Most MYSTERIOUS Things Found In The Jungle!
- Published on Jul 5, 2017
- Check out the most mysterious things found in the jungle! This top 10 list of strange and bizarre findings discovered in the jungle is a strange mystery to date!
Subscribe For New Videos! goo.gl/UIzLeB
Watch our "6 LOST Cities Around The World!" video here: tvclip.biz/video/0Jx6OToOXos/video.html
Watch our "Most MYSTERIOUS Books In The World!" video here: tvclip.biz/video/2wNDmQKqkdE/video.html
Watch our "Most MYSTERIOUS Lost Worlds On Earth!" video here: tvclip.biz/video/oX1rLjFYseA/video.html
8. The Lost City of Giants
Deep in the Ecuadorian jungle, explorers discovered a lost city in 2012. However, it certainly wasn’t any normal ancient city. It is known as the “Lost City of Giants.”
According to reports, upon arrival, the explorers found a set of massive structures, the largest being a 79-meter-tall by 79-meter-wide (260 ft x 260 ft) pyramid of unusual shape. At the top of the pyramid is a flat, polished stone, believed to have been a sacrificial altar. The magnitude of these buildings is what gives the city its name and leads many archaeologists to believe that giants did build and inhabit the city, although many others remain skeptical on that point. What makes this discovery even more peculiar is not just the buildings themselves but also the tools and artifacts found there. Many oversized, manufactured tools were said to have been discovered, allegedly so big that it would be impossible for humans to use them. The team that discovered the city believes that the tools are a crucial piece of evidence that in the distant past, giants once walked the Earth.
The Maricoxi are essentially the sasquatches of South America. They are reported to be huge, ape-like beings that can stand up to 3.7 meters (12 ft) tall. Although they appear primitive, they’re said to be fairly intelligent, wielding bows and arrows and even living in villages. According to British explorer Colonel Percival H. Fawcett, who allegedly encountered the creatures while mapping out the jungles of South America in 1914, they were extremely hairy and lived north of a tribe called the Maxubi. They could only speak in grunts and were extremely hostile toward humans. In the colonel’s book, Lost Trails, Lost Cities, he describes how he and his men were nearly attacked by the beasts when they got close to their village. However, they were able to keep the beasts away by firing their guns into the ground by the creatures’ feet, sending them running in terror.
In 1925, Fawcett disappeared along with all his men while on an expedition to find a lost city. Theories suggest that they were killed by local tribes or died of starvation. However, some say they were killed by the Maricoxi, although there is no evidence to back this up.
6. Boiling River
When he was only a boy, Andrés Ruzo, a geophysicist, heard a legend from his grandfather. This legend was about how the conquistadors went in search of El Dorado, the city of gold, deep in the Amazonian jungles. The fortunate few survivors of the expedition returned with all sorts of stories, ranging from man-eating snakes, jungle people with poison darts, trees bigger than they’d ever seen, and a boiling river capable of instantly killing anyone who would fall in its waters.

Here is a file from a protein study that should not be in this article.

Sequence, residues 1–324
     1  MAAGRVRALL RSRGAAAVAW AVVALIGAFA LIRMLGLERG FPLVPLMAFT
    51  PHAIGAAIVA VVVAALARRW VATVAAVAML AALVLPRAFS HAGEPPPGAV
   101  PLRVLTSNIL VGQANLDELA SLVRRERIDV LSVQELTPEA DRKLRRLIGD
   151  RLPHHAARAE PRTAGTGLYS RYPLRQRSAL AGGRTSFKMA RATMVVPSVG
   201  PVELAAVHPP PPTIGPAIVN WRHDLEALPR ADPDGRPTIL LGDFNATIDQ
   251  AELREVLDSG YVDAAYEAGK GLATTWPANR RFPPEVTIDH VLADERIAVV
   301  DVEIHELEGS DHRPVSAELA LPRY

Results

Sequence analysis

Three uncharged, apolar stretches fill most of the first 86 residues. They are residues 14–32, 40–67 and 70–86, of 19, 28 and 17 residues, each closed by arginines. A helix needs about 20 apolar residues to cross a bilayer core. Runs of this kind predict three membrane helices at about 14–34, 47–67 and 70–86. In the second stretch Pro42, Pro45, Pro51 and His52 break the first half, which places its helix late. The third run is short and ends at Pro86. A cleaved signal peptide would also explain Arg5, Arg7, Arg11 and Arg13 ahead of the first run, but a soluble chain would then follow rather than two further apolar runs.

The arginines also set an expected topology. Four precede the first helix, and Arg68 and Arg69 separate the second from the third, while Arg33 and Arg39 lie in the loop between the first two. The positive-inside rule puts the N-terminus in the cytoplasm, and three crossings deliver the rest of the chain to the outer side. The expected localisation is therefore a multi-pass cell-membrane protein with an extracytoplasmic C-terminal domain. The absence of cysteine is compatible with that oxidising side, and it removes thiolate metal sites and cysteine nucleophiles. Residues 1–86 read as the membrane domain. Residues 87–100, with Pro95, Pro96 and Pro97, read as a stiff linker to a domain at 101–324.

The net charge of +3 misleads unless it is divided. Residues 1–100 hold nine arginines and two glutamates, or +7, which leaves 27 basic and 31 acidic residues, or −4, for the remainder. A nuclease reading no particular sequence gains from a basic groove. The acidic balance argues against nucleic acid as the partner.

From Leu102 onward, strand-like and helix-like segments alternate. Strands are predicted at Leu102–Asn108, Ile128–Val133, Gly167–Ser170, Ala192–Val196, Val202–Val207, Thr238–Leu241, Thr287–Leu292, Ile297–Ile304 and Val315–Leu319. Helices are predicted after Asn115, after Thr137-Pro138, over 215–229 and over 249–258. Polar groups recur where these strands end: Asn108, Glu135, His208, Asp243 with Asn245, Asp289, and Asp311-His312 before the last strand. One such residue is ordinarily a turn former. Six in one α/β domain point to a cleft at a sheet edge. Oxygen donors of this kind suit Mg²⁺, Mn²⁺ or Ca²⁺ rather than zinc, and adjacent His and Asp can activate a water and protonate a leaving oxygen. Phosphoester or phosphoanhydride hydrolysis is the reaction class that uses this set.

This story remained with Ruzo into his adulthood. For his PhD, he decided to make Peru’s first detailed geothermal map. Boiling streams do exist. They are located near volcanoes or other geothermal hotspots. The Amazonian basin is nowhere near such places, and the existence of a boiling river would be next to impossible. However, as fate would have it, his aunt, of all people, was familiar with the boiling river. Not only had she been there before, but she was friends with the river shaman’s wife.
She took Ruzo there, some 440 miles away from any volcanoes, and deep within the Peruvian jungle. The river itself is about 82 feet wide and 20 feet deep in some places, and for a distance of about 4 miles, its waters are close to boiling point. This site is known as Mayantuyacu, and is considered sacred by the natives. They use its waters for everything from cooking, brewing tea, or washing.
Because Mayantuyacu is nowhere near a volcano, there isn’t a simple answer as to where the heat comes from. The best explanation so far, is that this water comes from far away, as far as the glaciers high up in the Andes Mountains. Then it goes through an immense network of fissures within the mountains themselves, then deep underground where it’s heated, only to come back out in this place, making this stretch of the river boil.
5. The Stone Spheres of Costa Rica
Ever since the late 1930s, people have been discovering strange stone spheres scattered all across southern Costa Rica. In order to make room for banana plantations, farmers began clearing the jungle
Origins Explained is the place to be to find all the answers to your questions, from mysterious events and unsolved mysteries to everything there is to know about the world and its amazing animals!